Featured Research

from universities, journals, and other organizations

Natural products discovery group asks for public's help with citizen science program

Date:
November 7, 2013
Source:
University of Oklahoma
Summary:
A research group has taken an unconventional approach to finding new compounds with therapeutic relevance by launching a crowdsourcing initiative with citizen scientists from around the country. Researchers team with the public to sample soils from all across the United States for the purpose of identifying new microorganisms that produce drug-like compounds.

OU researchers team with the public to sample soils from all across the United States for the purpose of identifying new microorganisms that produce drug-like compounds.
Credit: WavebreakMediaMicro / Fotolia

The University of Oklahoma Natural Products Discovery Group has taken an unconventional approach to finding new compounds with therapeutic relevance by launching a crowdsourcing initiative with citizen scientists from around the country. With this approach, OU researchers team with the public to sample soils from all across the United States for the purpose of identifying new microorganisms that produce drug-like compounds. This effort recently led to the discovery of maximiscin, a unique bioactive compound obtained from a soil sample submitted by an Alaskan citizen, which has shown early promising results by stopping the growth of melanoma cells in vivo.

Related Articles


"The exciting part of this discovery is that a citizen scientist participated in our program and sent us this sample," says Robert H. Cichewicz, associate professor in the OU College of Arts and Sciences and director of the National Products Institute. "We probably would not have discovered this compound without the Citizen Science Program." Cichewicz is collaborating on the project with S.L. Mooberry, University of Texas Health Science Center at San Antonio; A.N. Miller, University of Illinois; and L. Du, J.B. King and E.R. Powell, OU Natural Products Discovery Group.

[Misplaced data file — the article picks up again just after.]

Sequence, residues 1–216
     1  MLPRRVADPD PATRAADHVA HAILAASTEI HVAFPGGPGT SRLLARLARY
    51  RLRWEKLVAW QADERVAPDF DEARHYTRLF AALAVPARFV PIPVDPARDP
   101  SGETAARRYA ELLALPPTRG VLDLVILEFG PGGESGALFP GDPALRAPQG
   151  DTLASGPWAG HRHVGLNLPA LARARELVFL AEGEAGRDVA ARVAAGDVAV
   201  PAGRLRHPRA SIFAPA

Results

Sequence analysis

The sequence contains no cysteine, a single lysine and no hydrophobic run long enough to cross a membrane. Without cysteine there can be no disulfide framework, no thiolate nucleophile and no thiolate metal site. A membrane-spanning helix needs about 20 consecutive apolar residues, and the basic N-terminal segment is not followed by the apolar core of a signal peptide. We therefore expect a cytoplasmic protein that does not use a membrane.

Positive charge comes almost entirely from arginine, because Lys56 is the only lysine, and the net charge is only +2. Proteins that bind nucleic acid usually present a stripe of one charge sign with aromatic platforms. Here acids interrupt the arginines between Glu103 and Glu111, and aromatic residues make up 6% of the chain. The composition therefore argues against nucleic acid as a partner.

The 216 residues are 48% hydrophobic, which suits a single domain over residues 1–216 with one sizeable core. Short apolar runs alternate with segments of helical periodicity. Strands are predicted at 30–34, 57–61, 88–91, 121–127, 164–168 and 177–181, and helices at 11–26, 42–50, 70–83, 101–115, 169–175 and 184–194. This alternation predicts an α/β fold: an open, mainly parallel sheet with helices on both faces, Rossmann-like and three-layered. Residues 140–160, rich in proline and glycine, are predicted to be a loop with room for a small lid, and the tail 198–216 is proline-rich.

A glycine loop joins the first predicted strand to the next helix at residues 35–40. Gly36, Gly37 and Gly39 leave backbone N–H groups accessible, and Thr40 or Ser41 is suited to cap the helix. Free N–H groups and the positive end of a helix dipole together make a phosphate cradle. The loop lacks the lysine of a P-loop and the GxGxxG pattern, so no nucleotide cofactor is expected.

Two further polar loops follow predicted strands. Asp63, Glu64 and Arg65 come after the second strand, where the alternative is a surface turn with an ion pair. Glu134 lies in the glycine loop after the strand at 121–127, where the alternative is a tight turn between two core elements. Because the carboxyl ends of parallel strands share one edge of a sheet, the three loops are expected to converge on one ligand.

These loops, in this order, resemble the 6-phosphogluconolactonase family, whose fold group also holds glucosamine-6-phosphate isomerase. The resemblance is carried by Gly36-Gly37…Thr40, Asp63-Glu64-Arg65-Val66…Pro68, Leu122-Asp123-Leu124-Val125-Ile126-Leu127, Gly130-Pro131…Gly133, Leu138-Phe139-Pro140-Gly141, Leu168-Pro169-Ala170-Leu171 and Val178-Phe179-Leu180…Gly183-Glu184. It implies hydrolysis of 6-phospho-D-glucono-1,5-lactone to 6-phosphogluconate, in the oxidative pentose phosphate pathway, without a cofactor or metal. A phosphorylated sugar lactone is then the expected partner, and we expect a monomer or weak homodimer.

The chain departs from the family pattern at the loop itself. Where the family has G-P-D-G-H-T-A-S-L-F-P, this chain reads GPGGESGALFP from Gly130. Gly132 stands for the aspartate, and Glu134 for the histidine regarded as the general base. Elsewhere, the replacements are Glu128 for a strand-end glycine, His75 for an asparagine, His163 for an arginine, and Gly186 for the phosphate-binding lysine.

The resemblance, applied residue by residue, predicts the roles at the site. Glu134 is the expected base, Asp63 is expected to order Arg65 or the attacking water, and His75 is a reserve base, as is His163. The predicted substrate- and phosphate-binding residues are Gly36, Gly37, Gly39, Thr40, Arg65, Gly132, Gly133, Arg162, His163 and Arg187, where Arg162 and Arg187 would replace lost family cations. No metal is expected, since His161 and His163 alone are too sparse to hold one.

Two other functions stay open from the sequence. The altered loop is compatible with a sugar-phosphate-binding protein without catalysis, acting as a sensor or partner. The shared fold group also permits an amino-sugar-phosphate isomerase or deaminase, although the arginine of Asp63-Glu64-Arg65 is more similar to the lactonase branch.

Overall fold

"In the next phase of this research, we need to learn more about the molecule to see how it functions and how we can make it better," Cichewicz explains. "We have to take this bioactive compound from a discovery to a lead compound and, fortunately, OU recently invested in expanding these efforts with the establishment of the new Institutes for Natural Products Applications and Research Technologies." This new center, housed in the Stephenson Life Sciences Research Center on the OU Research Campus, is bringing together researchers from several different disciplines to collaborate on drug target discovery from natural sources."

During the last several years, the OU Natural Products Group has collected several thousand fungi from soil samples primarily obtained from three environmentally disparate regions: Alaska (artic/sub-arctic); Hawaii (tropical); and Oklahoma (subtropical/semi-arid). Despite these efforts, the team can only access a relatively slim portion of the available microbial diversity. This group predicts that a significant number of compounds with therapeutic potential await discovery from the untapped majority of the soils' microbial inhabitants. For this reason, the Citizen Science Program is an important part of the discovery process. By teaming with citizen scientists, the public becomes an active participant in the search for new drugs.

"The public is very curious about science and many of the people I have spoken with are eager to join in the search for new bioactive compounds. With the public as part of the team, we are expanding the search for new medicinal agents to include many previously unexplored areas, as well as providing a means for informing people about how new drugs are discovered," Cichewicz notes. "So far, results have been encouraging with samples arriving from as far away as California, Hawaii and Alaska. We are thrilled with the early response we have seen to this program, and we look forward to continuing our efforts with our citizen science partners from across the country."